Food and feeding of sperm whales physeter macrocephalus off the west coast of South Africa
AbstractThe stomach contents of 1 268 sperm whales Physeter macrocephalus processed at the Donkergat whaling station, South Africa, were examined during the 1962 and 1963 whaling seasons. Results were compared with
Clarkefs analysis of cephalopod beaks collected in 1963 (Clarke 1980). There was no significant difference in the incidence of food in the stomachs between whales taken in the morning (07:15.11:15), at midday (11:15.15:15) or in the afternoon (after 15:15). The incidence of food remains was less in medium-sized (126.96.36.199 m) and large (.14 m) males than in small (.11.9 m) males and females, and their stomachs more frequently contained the beaks of cephalopod species from the Antarctic or subAntarctic. These phenomena were related to a winter migration of medium-sized and large males into the whaling ground from south of the Subtropical Convergence. Medium-sized and large males fed more frequently on larger species of endemic cephalopods than females or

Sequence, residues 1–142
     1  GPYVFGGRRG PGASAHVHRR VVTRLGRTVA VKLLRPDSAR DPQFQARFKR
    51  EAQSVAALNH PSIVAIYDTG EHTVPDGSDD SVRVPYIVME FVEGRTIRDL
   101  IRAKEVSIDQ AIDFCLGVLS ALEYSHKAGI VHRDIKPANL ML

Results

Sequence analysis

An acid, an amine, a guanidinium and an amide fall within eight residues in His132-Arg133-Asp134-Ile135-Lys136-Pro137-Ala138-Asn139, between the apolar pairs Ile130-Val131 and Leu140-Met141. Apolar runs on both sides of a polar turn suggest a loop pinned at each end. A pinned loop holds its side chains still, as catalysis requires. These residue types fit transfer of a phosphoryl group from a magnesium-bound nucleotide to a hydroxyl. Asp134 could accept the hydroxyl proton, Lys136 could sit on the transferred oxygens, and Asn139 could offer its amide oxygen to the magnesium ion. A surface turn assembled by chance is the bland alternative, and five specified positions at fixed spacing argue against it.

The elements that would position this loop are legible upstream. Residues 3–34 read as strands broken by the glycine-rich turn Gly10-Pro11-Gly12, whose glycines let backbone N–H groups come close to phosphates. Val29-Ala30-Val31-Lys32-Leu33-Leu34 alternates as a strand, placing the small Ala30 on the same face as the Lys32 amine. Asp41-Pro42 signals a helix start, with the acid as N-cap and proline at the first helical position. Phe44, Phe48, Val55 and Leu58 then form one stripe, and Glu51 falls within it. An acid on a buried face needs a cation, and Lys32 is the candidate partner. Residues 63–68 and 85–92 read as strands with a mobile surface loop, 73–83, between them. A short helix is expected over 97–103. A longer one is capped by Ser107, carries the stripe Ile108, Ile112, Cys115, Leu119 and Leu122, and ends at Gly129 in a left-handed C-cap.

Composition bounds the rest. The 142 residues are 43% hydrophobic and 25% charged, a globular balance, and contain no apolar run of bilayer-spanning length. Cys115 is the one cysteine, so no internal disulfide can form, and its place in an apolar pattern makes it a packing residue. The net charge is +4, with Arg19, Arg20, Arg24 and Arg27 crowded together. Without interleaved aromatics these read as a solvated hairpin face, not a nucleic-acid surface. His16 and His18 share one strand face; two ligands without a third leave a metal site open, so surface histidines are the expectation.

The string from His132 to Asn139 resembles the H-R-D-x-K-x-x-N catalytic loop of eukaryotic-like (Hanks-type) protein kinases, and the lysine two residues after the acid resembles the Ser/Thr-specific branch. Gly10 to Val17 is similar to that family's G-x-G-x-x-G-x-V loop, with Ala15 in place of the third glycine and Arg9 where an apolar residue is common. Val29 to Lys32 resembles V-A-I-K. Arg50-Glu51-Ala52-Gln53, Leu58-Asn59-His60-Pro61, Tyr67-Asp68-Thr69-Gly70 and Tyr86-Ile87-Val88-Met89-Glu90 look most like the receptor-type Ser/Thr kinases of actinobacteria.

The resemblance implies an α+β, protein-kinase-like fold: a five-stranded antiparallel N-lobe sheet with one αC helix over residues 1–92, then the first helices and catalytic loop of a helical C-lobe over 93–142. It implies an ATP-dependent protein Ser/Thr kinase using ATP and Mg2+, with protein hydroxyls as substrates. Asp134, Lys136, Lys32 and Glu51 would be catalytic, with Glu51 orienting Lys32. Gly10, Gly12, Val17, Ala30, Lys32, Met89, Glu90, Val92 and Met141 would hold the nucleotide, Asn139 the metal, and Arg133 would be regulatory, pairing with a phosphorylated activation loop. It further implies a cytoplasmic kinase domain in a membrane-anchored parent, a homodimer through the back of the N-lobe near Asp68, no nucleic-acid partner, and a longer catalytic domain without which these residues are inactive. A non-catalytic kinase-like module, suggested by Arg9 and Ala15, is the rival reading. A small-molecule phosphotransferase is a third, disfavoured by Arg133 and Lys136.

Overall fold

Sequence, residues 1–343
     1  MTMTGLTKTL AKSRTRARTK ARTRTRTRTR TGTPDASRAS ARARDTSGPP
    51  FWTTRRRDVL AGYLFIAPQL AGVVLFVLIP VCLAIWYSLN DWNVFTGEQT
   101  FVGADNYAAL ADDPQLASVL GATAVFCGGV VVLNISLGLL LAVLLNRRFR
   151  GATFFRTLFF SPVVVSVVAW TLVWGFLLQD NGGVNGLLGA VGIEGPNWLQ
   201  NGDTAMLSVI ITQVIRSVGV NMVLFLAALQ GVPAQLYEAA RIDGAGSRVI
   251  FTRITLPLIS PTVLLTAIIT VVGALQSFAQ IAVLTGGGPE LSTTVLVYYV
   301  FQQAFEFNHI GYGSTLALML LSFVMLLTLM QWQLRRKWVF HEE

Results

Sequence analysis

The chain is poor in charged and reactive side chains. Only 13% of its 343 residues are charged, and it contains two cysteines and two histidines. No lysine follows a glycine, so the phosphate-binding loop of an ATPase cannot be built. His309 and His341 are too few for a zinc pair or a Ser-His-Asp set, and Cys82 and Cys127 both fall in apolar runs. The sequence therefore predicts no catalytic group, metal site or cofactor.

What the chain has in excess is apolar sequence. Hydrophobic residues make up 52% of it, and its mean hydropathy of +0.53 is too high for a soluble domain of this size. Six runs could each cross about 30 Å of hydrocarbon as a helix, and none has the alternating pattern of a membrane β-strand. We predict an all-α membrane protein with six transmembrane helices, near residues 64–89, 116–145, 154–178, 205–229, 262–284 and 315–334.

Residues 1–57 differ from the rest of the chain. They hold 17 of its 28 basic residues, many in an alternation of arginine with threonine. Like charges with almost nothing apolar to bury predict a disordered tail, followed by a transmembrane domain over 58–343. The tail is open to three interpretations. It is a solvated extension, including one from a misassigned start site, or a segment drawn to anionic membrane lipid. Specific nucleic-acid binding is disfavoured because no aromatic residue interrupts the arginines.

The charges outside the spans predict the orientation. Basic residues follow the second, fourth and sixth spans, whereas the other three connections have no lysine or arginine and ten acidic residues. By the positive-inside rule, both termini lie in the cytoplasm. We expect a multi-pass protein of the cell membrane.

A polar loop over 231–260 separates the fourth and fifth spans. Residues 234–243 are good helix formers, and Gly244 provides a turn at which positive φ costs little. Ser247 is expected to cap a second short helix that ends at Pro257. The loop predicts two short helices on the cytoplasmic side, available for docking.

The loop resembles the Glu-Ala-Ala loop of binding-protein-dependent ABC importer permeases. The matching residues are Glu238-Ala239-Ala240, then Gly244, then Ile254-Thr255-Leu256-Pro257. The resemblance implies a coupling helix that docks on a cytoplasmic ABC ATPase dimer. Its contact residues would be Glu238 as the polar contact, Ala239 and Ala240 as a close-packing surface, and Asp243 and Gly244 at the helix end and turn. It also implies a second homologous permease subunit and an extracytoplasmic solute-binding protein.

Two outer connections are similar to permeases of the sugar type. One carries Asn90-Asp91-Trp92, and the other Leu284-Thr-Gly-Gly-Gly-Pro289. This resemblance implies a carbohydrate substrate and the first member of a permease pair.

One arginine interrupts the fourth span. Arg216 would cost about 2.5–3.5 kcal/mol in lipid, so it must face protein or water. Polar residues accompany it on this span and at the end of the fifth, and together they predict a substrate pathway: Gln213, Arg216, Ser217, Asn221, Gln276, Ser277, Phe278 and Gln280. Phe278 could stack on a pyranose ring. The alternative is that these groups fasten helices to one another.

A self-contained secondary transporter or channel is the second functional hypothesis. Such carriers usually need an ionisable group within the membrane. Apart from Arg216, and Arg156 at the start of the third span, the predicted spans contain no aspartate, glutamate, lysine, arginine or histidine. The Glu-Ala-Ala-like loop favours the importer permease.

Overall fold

small males, whereas males in general ate larger individuals of a cephalopod species than females. Because larger and older individuals within a cephalopod species are frequently distributed deeper than other individuals, males may feed lower in the water column than females. Evidence from catch positions and the incidence of non-cephalopod prey items suggests that some males within the West Coast whaling ground moved into the continental slope water (200.1 000 m deep), where they dived to the sea floor and took benthic organisms such as rajids, crabs, Lophius sp. and Allocyttus sp. Females stayed farther offshore, where both sexes fed mesopelagically, consuming mesopelagic-bathypelagic cephalopods, Ruvettus sp., mysids and ceratids. Some of the differences
in distribution and feeding behaviour between males and females may reflect adaptations to the social organization of the species.